For the attention of: Municipal, provincial and federal aging and housing-related policymakers in Canada and globally.
The problem: In broad terms, aging trends in Canada are similar to those found in many countries. The number of adults over the age of 65 in Canada is estimated to grow to over 9.5 million by 2030, which will comprise of 23% of the total Canadian population. As a result, the housing instability experiences of low-income older adults and their effects on successful aging will be crucial in the coming decades. Rapid urban change in Hamilton, a mid-sized Canadian city (pop. 550,000) in the province of Ontario, has resulted in rapidly rising private sector rents and displacement among low-income older adults renting in the private sector. As such, many low-income older adult households are experiencing involuntary displacement through a number of landlord tactics, including raising rents, letting buildings fall into disrepair, and in some cases ‘incentivized’ mobility, whereby cash bonuses are paid to tenants to move out, so the building can be renovated and leased for higher rents. Low-income older adults in Hamilton experiencing housing instability are at risk of becoming homeless for the first time as a senior.
What we did and why: We undertook a qualitative study of low-income older adults’ lived experiences of aging, precariousness and housing instability/homelessness in Hamilton, Ontario. We are adding to the small, but growing body of literature on precarity, aging and housing. However, in a departure from this existing literature, the lived experiences of aging, precariousness and housing instability/homelessness gathered have been collected through a multi-modal approach. For this approach participants were given tablets to record their photos, videos and written diaries of their housing-related experiences. This was supplemented individual semi-structured interviews and participant observation in community-based settings. Data collection focused on capturing participant personal ‘touch points’ in their own housing journeys.
This use of digital arts-based data gathering attempts to lessen the researcher-researched power imbalance by giving older adult participants the opportunity to exercise agency over which data are collected and when. This approach also assists in providing an appropriate platform for collecting sensitive and difficult to discuss housing instability/homelessness pathway experiences, which can be influenced by factors such as intimate partner violence and mental health and addiction challenges.
What our study adds: Participant narratives provide compelling counter stories contesting popular notions that older adults will be taken care of as they age by the state or private savings. Recounting of participant experiences through a sensemaking frame allowed for an exploration of the question of what it means to be “devalued” as one ages; to the extent that securing shelter is an overwhelming and stressful journey. In sharing these stories, we are attempting to bring “recognizability” to the experiences of aging, precariousness and housing/homelessness in order to contribute to the conditions through which low-income older adults’ experiences can be folded into policy co-design geared towards affordable housing.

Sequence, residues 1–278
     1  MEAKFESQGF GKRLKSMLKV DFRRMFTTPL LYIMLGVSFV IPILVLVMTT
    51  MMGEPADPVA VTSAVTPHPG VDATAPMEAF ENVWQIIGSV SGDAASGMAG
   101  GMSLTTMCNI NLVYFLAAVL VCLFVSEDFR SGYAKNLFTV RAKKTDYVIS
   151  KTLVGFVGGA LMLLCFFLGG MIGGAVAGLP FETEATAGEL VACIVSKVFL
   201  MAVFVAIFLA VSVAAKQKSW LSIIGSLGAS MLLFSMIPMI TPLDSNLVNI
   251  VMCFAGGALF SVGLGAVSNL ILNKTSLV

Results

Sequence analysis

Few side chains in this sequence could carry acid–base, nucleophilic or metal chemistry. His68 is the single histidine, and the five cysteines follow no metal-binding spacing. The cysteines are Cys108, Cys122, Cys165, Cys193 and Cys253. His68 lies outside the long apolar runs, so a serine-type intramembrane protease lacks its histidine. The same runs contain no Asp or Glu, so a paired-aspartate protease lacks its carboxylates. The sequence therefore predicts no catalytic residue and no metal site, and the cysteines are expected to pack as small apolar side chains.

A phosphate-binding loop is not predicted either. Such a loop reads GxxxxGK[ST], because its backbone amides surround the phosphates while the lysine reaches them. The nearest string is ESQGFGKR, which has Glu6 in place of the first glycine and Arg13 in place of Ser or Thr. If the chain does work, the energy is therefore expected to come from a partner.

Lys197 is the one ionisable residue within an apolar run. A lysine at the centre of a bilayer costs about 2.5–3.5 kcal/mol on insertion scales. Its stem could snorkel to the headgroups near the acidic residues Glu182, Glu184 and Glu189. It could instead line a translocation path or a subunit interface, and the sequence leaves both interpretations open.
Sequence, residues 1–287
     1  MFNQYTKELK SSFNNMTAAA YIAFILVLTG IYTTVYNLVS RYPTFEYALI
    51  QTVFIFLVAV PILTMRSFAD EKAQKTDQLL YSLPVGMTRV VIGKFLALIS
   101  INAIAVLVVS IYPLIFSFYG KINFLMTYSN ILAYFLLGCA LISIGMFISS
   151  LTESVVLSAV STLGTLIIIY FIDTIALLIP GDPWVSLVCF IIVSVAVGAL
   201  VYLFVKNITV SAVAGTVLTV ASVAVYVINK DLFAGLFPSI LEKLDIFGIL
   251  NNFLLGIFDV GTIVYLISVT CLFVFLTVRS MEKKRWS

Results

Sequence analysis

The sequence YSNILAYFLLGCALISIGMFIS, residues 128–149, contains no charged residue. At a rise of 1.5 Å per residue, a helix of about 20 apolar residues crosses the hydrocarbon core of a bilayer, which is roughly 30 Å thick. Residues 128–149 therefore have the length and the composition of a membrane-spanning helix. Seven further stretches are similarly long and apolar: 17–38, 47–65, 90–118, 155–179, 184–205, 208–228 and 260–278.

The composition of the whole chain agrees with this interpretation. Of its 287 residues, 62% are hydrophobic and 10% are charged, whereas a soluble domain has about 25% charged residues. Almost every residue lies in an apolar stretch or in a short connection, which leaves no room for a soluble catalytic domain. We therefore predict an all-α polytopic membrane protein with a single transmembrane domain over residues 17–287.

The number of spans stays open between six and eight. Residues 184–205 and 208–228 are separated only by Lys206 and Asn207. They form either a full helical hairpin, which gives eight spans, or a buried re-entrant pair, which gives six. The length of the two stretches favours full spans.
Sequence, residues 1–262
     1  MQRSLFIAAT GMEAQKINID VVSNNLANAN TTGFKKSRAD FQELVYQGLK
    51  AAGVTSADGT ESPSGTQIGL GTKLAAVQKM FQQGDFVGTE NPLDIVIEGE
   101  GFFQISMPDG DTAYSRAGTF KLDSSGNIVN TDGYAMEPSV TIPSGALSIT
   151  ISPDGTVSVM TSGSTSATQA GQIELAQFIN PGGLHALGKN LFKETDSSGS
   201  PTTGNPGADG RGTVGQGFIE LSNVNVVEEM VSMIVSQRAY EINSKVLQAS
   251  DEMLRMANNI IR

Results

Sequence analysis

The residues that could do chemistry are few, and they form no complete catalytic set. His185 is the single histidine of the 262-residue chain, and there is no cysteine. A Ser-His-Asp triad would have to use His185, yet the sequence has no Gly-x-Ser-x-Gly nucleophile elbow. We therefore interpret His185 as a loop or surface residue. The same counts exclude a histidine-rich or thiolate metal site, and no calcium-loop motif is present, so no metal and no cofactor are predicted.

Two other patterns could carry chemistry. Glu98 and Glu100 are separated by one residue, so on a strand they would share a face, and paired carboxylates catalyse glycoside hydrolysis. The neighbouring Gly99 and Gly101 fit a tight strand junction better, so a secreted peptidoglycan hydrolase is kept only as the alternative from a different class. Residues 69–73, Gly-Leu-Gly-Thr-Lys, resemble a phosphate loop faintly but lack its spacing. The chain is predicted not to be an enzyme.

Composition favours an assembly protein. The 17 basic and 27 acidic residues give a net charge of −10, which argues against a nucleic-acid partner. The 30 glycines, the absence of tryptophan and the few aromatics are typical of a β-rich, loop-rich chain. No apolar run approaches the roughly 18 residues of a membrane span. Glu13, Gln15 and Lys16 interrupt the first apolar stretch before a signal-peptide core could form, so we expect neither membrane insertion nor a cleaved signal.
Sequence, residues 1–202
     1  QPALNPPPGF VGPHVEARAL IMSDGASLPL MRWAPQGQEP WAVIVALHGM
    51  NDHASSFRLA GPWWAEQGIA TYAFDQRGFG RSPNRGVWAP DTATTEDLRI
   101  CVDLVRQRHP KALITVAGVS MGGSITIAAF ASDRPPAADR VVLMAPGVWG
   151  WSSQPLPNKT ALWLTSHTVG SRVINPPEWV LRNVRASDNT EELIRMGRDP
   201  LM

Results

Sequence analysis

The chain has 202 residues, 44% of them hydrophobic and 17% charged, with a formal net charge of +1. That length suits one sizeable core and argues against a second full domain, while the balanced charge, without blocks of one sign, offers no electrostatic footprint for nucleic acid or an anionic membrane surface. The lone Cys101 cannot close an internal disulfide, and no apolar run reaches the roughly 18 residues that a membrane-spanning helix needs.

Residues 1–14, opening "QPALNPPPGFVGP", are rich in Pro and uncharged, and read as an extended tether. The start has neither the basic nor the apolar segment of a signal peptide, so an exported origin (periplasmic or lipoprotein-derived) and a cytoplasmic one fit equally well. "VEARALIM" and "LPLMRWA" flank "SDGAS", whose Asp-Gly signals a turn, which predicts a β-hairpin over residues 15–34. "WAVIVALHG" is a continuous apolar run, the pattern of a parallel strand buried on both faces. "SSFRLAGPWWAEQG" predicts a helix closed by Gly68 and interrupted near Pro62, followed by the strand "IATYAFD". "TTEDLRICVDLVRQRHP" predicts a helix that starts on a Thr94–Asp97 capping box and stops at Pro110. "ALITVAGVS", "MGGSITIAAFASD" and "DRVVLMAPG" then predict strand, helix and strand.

Implications for city policy and practice: Our study provides lived experience data to support the development of policy frameworks focusing upon preventing housing instability and homelessness among older adults in Hamilton and other mid-sized cities in Ontario.
Specifically, the research:
- Outlines participant pathways into housing instability and homelessness, and the strategies they employed to secure placement in social housing.
- Shows how tracing these pathways can provide a participant-generated roadmap outlining areas for market-based, tenant protection and social service systems adjustment.
- Indicates the need for specific municipal social service programming geared at housing to helping seniors navigate rental listings, identify suitable rentals, and then secure the rental housing.
Municipal programs should also aim to keep low-income older adults in their housing once they are housed, particularly when threatened with “renoviction” (a term used in Canada whereby a landlord evicts a tenant by claiming they will complete major renovations).
For further information: The Canadian Housing Evidence Collaborative: Our mission is to accelerate evidence-based solutions that advance Canada’s National Housing Strategy to ensure every Canadian has “housing that meets their needs and that they can afford”.
Full research article: A narrative-based exploration of aging, precariousness and housing instability among low-income older adults in Canada by City Know-how Editor: Marcus Grant.